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  Breaklanta 2002
by Lei Vishnu
Photos by Ku'ulei Diamond

Venue: Atrium
Date: February 2, 2002

WOW!! 3 Dot Production gets an A+ for offering a change of pace and a move in a positive direction with Breaklanta. The event was slated as a B-Boy and Turntablist competition with a **rave** to end the night.

Onlookers at the Break Atlanta competition I arrived early at 9:30ish and the place was already packed!! The turntablist competition was underway in the main room offering up some sick talent that had the crowd going wild. It was obvious that each of the competitors had amazing talent, knowledge and respect for the music. Experience and attitude were what set the winner apart from the rest. When DJ Mista Lord went from old skool hip-hop to drum and bass and then back to hip-hop it was clear that he should prevail as the winner. His technical ability to scratch was perfectly combined with the attitude and expressions that made his set a performance. If you have not seen DJ Mista Lord play out, you should definitely try to see him in action. The turntable competition ended with a surprise performance by DJ Klever, two-time champion of the DMC US competition and second place winner of the world competition. He had not planned on throwing out anything that night but put something together at the last minute. He had me, along with the rest of the crowd, in awe the entire time with skills that would not quit and attitude to boot.

Break Dancer While the turntable competition was taking place, the backroom offered a place for people to dance and socialize. Even with $1 drinks before midnight it did not seem like anyone was drinking-all people needed was good music and dancing to keep them happy for the night!! By the time the breaking competition was about to start, the backroom had turned into 3 break circles-all showcasing amazing talent. Some of the people throwing out their stuff inside these backroom circles could have given the winners of the actual competition a run for their money. As I looked around from one circle to the next I was just overwhelmed with the diverse crowd-different nationalities, different styles ( hip-hop, raver, preppy), the dancer and the observer-all with huge smiles on their faces. Break Dancer

Then the break dancing competition part of the night started bringing the energy level up one more notch. There were crews representing from all over the states that made this a nationally recognized event in B-boy culture. The competition had two crews compete head-to-head in single elimination rounds that narrowed it down to the semifinals and then to the finalist. The competition was intense, but it was great, as always, to see the two crews give respect to each other at the end.

Break Dancer Each crew brought with them a unique style mixed in with the breaking essentials. Many times throughout the night I caught myself thinking, "Are our bodies supposed to move that way?" The teamwork and comradery among the crews helped to enhance the astounding athleticism and creativity of the individual members. At one point, two crews were deep within a battle when all of a sudden all members of both teams starting battle rocking at the same time. The sheer force and energy that each member was exerting was breathtaking as they all rocked to the same beat. In that moment, everyone involved-the dancers, the judges and the crowd-were unified through the music and the dance. Break Dancer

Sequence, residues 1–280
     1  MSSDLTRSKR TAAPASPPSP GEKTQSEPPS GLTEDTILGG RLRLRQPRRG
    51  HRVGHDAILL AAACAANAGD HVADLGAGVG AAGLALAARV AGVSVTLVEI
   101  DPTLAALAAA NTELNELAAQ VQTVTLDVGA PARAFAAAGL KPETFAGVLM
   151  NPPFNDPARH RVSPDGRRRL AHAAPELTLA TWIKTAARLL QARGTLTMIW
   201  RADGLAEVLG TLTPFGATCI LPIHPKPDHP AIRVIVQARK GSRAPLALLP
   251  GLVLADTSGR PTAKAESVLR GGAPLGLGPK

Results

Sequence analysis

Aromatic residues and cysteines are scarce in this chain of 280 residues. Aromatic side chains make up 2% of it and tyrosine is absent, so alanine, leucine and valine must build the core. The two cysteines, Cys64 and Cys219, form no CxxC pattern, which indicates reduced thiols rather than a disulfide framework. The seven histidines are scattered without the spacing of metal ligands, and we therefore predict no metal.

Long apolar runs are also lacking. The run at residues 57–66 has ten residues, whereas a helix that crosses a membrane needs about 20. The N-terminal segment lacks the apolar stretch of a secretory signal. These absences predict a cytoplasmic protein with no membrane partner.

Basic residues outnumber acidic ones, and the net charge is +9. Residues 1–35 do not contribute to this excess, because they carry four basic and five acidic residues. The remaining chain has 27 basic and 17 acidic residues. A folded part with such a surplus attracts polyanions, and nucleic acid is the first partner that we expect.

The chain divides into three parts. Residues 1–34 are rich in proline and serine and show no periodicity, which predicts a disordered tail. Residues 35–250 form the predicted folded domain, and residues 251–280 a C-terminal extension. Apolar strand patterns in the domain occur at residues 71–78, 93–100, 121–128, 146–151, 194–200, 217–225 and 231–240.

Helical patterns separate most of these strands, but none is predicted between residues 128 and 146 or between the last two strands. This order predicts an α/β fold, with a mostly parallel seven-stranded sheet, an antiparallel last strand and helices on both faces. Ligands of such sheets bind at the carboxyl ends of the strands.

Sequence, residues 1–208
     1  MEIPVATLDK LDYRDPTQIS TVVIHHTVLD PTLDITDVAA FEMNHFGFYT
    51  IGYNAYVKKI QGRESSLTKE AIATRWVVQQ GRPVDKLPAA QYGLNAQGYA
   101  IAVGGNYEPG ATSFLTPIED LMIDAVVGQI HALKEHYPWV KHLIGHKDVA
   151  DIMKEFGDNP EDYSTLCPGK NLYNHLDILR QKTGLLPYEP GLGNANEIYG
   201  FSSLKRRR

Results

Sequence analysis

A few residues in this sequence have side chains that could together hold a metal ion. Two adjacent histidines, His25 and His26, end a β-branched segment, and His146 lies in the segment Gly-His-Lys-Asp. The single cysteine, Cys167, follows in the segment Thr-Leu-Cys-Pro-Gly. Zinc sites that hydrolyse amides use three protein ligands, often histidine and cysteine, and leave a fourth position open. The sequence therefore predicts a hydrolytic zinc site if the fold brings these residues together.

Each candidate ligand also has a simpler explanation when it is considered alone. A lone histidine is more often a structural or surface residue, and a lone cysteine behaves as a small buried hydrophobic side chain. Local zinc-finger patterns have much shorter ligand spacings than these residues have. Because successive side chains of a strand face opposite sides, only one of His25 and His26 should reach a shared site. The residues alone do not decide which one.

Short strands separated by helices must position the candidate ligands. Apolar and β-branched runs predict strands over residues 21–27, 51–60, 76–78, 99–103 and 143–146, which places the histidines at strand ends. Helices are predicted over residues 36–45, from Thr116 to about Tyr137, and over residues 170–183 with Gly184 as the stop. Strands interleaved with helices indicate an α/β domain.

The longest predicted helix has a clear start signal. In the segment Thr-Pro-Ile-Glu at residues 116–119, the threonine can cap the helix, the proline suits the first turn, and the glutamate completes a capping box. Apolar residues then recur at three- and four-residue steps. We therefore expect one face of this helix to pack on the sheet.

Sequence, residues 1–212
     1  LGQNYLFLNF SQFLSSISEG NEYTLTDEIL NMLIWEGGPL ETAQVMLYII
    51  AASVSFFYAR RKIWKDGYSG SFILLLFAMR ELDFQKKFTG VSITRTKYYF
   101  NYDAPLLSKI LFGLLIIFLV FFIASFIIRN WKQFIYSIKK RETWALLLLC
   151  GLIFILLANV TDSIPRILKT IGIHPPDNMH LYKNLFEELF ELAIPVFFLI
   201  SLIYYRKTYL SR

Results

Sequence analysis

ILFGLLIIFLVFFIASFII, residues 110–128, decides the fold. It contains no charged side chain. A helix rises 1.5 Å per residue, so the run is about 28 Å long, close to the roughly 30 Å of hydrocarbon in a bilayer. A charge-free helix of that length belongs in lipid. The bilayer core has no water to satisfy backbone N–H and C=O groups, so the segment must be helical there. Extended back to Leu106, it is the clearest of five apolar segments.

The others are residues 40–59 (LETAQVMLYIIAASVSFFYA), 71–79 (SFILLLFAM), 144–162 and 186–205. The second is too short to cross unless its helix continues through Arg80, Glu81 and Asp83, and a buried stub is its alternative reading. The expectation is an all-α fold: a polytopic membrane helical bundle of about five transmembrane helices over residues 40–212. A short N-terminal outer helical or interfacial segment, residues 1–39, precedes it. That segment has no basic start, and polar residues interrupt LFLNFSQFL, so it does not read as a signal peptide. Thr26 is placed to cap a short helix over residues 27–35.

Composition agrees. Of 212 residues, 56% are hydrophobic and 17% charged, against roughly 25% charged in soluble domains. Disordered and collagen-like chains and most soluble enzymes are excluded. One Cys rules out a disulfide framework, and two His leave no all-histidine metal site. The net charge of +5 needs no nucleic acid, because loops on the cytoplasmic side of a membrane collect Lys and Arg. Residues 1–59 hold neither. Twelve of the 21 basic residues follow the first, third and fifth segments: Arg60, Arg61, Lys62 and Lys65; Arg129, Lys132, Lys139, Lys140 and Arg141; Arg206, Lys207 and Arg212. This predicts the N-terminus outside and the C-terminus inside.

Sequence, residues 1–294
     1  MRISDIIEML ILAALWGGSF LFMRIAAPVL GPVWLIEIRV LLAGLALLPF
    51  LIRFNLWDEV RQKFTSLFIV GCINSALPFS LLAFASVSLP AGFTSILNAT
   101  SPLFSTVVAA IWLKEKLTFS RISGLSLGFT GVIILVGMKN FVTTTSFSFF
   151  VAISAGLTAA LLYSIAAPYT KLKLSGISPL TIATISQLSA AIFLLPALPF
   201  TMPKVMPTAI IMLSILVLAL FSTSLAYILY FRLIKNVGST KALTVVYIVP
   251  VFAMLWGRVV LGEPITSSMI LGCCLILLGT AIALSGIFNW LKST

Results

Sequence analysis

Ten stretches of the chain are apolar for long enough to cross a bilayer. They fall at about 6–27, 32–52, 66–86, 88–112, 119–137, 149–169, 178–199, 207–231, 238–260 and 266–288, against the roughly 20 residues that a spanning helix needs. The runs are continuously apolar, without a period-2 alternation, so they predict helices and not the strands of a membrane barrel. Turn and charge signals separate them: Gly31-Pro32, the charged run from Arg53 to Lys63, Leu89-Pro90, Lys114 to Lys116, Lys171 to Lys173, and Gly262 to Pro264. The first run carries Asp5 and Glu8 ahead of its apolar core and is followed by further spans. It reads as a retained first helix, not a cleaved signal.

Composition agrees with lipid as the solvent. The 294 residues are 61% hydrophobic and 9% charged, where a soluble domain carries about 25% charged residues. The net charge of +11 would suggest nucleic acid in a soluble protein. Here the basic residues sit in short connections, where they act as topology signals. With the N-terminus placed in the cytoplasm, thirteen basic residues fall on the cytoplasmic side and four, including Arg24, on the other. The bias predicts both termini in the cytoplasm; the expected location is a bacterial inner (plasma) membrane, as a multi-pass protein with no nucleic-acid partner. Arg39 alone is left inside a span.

Both crews in the finals, Burn Unit from Atlanta and Mind 180 from Orlando, had mad style and pulled out a slew of power moves making the judges decision difficult. In the end, Mind 180 pulled through with more flavor and innovative moves-reminding the crowd that break dancing is as much about perfecting "standard" moves as it is about creating new moves. Mind 180 left the crowd wondering, "How did they do that?" at least once and probably inspired old skool, as well as new skool dancers, to be creative with their routines. After they were declared the winner, they said a few words that kept with the positive vibe. Their message was clear-"With God anything is possible!" -a message spoken with such soul that even the atheist in the crowd cracked a smile.

Break Dancer The competition part of the night ended with the "Pop-N-Lock" contest, which turned out to be more of a freestyle contest with contestants doing everything from traditional Popping to Liquid. It was nice to see people with all different styles working it out on the dance floor, but in the end it was narrowed down to two finalists-Breaks and Skill Master. Skill Master had more traditional skills and style, but Breaks won with his crowd-pleasing antics and smooth style. It was a reminder that B-Boying is an art, and the audience does matter.

The night culminated with Doc Roc throwing down some funky break beats giving the crowd a chance to work it out and maybe try some new moves. However, because the competition had run longer than expected by this time the crowd soon started to thin out. The happy tracks that Doc Roc was laying down provided a perfect backdrop to a night that surely left everyone in attendance with a smile on their face and a bounce in their step.

Related links

At Amazon.com

Official UK International Breakdance Championship (1999) from Amazon.com Official UK International Breakdance Championship (1999)
This video captures some of the essense of B-Boy culture. It contains
highlights from the 1998 competition. Dance crews from Japan, the U.S.,
Germany and Denmark take the floor at London's Brixton Academy and battle
it out for the title of UK B-Boy Champions.

Features Crazy Legs, Kurtis Blow, Afrika Islam, Malcom McLaren and the Buffalo Gals

Order Now at Amazon.com




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